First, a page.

ISTANBUL: In the presence of the UAE leadership, Manchester City joined footballing royalty as they became the kings of Europe.
Finally, they had their Champions League — the trophy craved by their Abu Dhabi owners, manager Pep Guardiola, players and fans.
A tense 1-0 win over Inter Milan in Istanbul confirmed their status as Europe’s elite club for the first time — and sealed a famous Treble, having already won the Premier League and FA Cup this season.
Watching in the stands at the Ataturk Olympic Stadium were Mohammed bin Zayed Al-Nahyan, president of the UAE and ruler of Abu Dhabi, and his brother Sheikh Mansour bin Zayed Al-Nahyan, deputy prime minister of the UAE, whose 2008 takeover transformed City.
It was August, 2010, when Sheikh Mansour was last seen at an official City game and Liverpool were beaten 3-0.
If ever there was a moment for him to attend again, this was it. It was the culmination of everything that he and City have strived for — and their fans have dreamed of for generations, when they were in the lower reaches of English football.
“My congratulations and gratitude to our loyal Manchester City fans, and everyone at the club, including management, technical staff and players,” said Sheikh Mansour on Twitter. “We will continue to define and celebrate our success together.”
For so long City have lived in the shadow of neighbors Manchester United, who were the only other English club to achieve the Treble back in 1999 and are three-time European Cup winners.
Now City stand above United, writing successful chapters season upon season and playing a style revered worldwide.
There will be those who say their glory is tainted due to Financial Fair Play charges and investigations from UEFA and the Premier League.
But as tears flowed on and off the pitch and Guardiola hugged and embraced like he was departing, nothing will take away this defining moment. It will be forever.
“One of the main reasons why this club became what we are is the people from Abu Dhabi, Sheikh Mansour, took over the club,” said Guardiola, whose first Champions League win as a manager since 2011 left him just one short of Carlo Ancelotti’s record mark.
“Without that we won’t be here — they are the most important people.
“They support me unconditionally in the defeats in this competition. In many clubs that would happen and you are sacked, so I give incredible credit to my hierarchy, to my CEO (Khaldoon Al-Mubarak).”
The Spaniard, who joined City in 2016, felt it “was written in the stars” that City would triumph and it will not matter that their nervy, cagey performance may not be remembered so much.
Stifled by Inter’s aggression and defensive tenacity, City struggled to find fluency in their game and played within themselves, perhaps under the burden of expectation.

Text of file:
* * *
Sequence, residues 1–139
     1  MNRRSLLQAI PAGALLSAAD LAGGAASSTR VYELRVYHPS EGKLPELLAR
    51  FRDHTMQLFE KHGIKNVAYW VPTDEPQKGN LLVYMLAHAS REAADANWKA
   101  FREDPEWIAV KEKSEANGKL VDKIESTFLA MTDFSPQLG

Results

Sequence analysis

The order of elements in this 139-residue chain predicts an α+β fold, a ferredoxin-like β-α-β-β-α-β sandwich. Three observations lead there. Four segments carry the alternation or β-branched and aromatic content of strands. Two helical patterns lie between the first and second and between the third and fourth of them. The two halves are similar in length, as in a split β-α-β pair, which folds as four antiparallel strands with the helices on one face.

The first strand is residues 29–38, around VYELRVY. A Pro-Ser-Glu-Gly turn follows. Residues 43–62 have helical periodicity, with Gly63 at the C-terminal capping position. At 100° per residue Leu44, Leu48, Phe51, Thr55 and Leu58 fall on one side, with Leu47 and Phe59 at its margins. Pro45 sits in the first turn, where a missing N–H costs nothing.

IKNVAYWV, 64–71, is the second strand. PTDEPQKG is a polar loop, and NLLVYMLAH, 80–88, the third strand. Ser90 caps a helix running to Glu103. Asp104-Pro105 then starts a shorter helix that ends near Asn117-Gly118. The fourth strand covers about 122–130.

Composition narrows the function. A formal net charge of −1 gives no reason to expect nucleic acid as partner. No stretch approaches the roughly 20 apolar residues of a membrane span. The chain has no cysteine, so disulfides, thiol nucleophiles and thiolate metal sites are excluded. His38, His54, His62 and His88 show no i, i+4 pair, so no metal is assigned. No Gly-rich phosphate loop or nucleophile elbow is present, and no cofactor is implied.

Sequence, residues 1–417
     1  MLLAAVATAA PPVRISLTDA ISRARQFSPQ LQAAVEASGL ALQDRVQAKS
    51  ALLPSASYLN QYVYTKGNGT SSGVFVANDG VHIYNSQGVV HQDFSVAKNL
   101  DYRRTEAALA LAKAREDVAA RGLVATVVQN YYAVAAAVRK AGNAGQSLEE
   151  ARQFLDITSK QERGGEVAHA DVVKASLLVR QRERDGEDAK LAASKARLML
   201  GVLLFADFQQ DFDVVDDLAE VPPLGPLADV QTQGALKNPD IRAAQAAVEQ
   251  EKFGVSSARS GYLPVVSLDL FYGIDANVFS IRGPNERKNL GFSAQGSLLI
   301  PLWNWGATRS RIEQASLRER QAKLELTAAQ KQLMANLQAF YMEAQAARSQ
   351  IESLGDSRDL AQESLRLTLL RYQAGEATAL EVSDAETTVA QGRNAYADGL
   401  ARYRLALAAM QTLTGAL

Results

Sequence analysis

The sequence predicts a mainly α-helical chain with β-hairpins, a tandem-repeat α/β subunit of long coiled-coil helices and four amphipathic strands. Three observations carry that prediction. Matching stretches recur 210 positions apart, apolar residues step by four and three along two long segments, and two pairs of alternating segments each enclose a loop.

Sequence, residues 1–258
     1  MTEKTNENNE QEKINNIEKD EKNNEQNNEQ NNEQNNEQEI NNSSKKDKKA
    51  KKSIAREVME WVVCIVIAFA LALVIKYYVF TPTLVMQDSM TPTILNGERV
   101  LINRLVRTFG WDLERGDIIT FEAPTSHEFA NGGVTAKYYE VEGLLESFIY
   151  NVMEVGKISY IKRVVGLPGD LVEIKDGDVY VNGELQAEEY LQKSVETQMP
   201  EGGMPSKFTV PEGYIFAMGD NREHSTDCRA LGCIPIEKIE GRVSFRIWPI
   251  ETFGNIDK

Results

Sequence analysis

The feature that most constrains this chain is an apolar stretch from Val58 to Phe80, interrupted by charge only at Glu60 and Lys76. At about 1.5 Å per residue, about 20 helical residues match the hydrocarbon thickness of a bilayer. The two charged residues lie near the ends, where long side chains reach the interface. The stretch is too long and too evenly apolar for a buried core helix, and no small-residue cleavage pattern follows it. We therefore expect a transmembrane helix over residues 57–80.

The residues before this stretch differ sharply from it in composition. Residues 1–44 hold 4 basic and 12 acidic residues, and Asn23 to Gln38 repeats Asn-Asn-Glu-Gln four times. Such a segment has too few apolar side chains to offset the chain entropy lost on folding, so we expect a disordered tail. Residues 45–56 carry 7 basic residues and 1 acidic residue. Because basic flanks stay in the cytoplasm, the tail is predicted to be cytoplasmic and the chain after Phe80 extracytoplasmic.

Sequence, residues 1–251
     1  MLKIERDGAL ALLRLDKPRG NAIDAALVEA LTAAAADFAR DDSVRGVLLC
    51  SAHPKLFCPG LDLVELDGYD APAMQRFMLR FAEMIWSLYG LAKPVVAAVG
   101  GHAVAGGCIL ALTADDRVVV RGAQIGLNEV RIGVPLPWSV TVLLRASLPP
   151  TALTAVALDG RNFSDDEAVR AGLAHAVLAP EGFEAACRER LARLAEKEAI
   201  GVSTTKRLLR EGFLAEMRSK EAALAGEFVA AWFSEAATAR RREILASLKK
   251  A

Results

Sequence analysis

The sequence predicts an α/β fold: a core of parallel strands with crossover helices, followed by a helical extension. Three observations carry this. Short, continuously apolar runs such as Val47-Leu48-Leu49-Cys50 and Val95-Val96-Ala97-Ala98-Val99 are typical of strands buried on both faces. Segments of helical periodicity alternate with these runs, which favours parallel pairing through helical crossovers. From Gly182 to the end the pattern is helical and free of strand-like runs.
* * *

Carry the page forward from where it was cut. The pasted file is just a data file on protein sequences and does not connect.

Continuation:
“The pressure was there, but this team is built to handle the pressure in the best possible way,” said captain Ilkay Gundogan, who has still not made a decision on his future.
They lost the talismanic Kevin De Bruyne in the 36th minute to a hamstring injury. He looked forlorn, praying it would not be a repeat of their last final two years ago against Chelsea.
In the 2021 final, De Bruyne then suffered a fractured nose and eye socket when he was caught by Antonio Rudiger and went off in the 1-0 loss to the Blues.
City were subdued in Porto that night and subdued until the 68th minute by Inter.
That was when Manuel Akanji played a lovely ball inside for Bernardo Silva, whose cross was deflected into the path of Rodri.
The Spaniard’s strike was smooth and sumptuous, arrowing into the corner past a sea of Inter bodies.
Phil Foden had the chance to finish off the Italians, but keeper Andre Onana denied him — just as he had Erling Harland in the first half with a smart stop.
Inter, whose last of three European Cups was in 2010, rallied late and when Akanji misjudged a ball into the box, Federico Dimarco’s header looped over Ederson but against the bar, and the fullback then sent the rebound against the lurking Romelu Lukaku.
The Belgian striker — another Chelsea player, but currently on loan to the Italians — almost dashed City’s dreams, but was denied by Ederson’s knee when he was just four yards out.
“At this level when you don’t score, things get complicated,” said keeper Onana. “We have to learn from this.”
As the song, “Paradise,” rang out amid the celebrations, that’s where City were.
“We made history, not only for the Champions League but with the Treble,” said matchwinner Rodri. “We made history in England and in Europe and that was the step we needed to raise City to a top team.”
There can be no doubt now that City are the top team.
They will face Sevilla in Athens for the UEFA Super Cup in August and then it is Saudi Arabia in December for the FIFA Club World Cup, where their next target will be to become the world’s best side.
It is what the great teams, managers and players always do, look for the next challenge — and Guardiola will no doubt push them again to build on this success and stay at the very top.
“We have to defend what we achieved this season — that’s how it works,” said striker Haaland. “In a month, two months everything is forgotten and we have to attack it again.”
And when comparisons were drawn with 14-time European champions Real Madrid, Guardiola joked: “We are just 13 away from them, just 13, so be careful Real Madrid because we are on our way. If you sleep a little bit we will catch you.”
On a more serious note, though, he added: “Now we have the first and the people can say ‘Manchester City have already the first Champions League.’
“The entire world said if we don’t win it we won’t be complete, it won’t be enough.
“But I don’t want, after one Champions League, to disappear. So, we have to work harder in the next few years, next season and be there.
“There are teams who win the Champions League after one or two seasons and disappear. We have to avoid it. Knowing where we’ve been, this is not going to happen.”